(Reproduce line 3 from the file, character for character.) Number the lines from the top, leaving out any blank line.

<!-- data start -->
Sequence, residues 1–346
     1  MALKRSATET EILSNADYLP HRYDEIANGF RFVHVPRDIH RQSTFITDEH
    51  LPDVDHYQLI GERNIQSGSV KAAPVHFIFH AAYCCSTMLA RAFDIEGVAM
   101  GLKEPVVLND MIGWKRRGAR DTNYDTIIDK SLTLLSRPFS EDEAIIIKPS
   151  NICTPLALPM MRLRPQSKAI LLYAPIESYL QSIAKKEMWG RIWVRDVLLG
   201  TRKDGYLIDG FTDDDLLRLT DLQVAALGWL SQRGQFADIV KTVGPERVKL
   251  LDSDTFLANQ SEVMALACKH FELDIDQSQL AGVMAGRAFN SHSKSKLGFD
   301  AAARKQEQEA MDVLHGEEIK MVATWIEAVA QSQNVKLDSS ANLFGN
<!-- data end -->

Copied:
    51  LPDVDHYQLI GERNIQSGSV KAAPVHFIFH AAYCCSTMLA RAFDIEGVAM